The views of the IRS and the DOL shed some light on potential answers to this question although they are far from definitive. On the one hand, a DOL opinion letter from 2006 held that foreign currency was an acceptable wage after being exchanged into U.S. dollars at the “exchange rate current at the time of payment (i.e., the rate generally available to an individual person in the vicinity where the employee is working).” On the other hand, the IRS has determined that cryptocurrencies are property, not currency, for federal tax purposes. Given the ability for cryptocurrency to be easily and immediately exchanged for U.S. dollars across many cryptocurrency exchanges, it is conceivable that the DOL and/or courts could analogize certain cryptocurrencies to foreign currency permitted as payment under the DOL’s 2006 opinion letter. However, the DOL also may not care and given the IRS’s position that cryptocurrency is not currency at all, the conception that other agencies or courts would hold otherwise is far from certain. Thus, anyone paying employees’ wages directly in cryptocurrency should proceed with high caution.
At the state level, multiple states require wages to be paid in lawful money of the U.S., including Delaware, Georgia, Hawaii, Idaho, Illinois, Indiana, Kansas, and Tennessee, and any exceptions applicable to each of these states vary. For example, in Georgia, the requirement to pay wages in lawful money of the U.S. does not apply to salaried workers, and other categories of employees including in certain industries. Moreover, other states have laws that would likely be implicated if an employer paid an employee in cryptocurrency. In California, for example, employers are prohibited from paying employee wages with any order, check, or other instrument, “unless it is negotiable and payable in cash, on demand, without discount, at some established place of business in the state.” Other states, like Washington, require wages to be paid at no cost to the employee. All of this likely means that cryptocurrency payments that lose their value in U.S. dollars, or are converted from U.S. dollars to cryptocurrency for a fee, could be violative of these various state laws. All in all, companies need to be very careful to consult applicable state laws to see if payment in cryptocurrency is prohibited.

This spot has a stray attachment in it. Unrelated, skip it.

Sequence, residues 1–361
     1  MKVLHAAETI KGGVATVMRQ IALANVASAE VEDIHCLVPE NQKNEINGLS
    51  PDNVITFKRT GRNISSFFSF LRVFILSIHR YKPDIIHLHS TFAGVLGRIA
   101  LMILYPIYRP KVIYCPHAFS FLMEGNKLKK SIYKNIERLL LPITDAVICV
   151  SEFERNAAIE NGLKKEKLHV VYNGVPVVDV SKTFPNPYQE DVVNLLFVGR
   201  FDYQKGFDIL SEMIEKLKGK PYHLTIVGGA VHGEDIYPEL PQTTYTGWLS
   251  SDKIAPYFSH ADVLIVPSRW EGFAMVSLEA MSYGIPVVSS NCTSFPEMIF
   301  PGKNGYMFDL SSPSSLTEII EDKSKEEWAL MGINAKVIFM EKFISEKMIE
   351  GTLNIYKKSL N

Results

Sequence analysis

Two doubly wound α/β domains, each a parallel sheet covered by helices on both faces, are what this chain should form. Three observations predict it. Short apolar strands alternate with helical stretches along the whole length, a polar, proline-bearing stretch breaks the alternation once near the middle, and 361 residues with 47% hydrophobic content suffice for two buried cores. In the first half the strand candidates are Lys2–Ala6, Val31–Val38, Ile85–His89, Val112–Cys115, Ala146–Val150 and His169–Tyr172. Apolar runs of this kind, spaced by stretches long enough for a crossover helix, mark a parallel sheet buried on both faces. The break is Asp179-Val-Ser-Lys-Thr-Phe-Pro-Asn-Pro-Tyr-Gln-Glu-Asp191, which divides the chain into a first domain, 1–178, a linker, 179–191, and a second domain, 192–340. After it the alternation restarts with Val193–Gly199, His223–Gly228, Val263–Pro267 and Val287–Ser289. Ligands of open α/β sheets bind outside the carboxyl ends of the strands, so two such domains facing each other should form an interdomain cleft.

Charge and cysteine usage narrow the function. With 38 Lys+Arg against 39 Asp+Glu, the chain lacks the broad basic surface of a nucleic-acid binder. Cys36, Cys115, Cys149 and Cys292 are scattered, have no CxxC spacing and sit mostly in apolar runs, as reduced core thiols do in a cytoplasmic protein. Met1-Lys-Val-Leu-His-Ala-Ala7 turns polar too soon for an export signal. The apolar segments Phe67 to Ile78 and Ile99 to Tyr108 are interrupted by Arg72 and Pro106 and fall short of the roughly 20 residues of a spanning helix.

Volatility Is an Inherent Risk to Compliance with Wage and Hour Laws.
Anyone familiar with cryptocurrency, even if only by way of news headlines, is familiar with the volatility in its price action. This volatility could cause employers to unintentionally violate applicable wage and overtime laws if they pay their employees in cryptocurrency. For example, if the value of cryptocurrency drops below what an employee must be paid in minimum wage or overtime under the law, the employer could be liable for a wage violation since the employee received an amount less than required. Not only would the employer potentially be liable for unpaid wages, but an employee having their salary drop below what the minimum salary requirements are for exempt employees could lead to liability for misclassification claims, unpaid overtime, liquidated damages, and attorneys’ fees.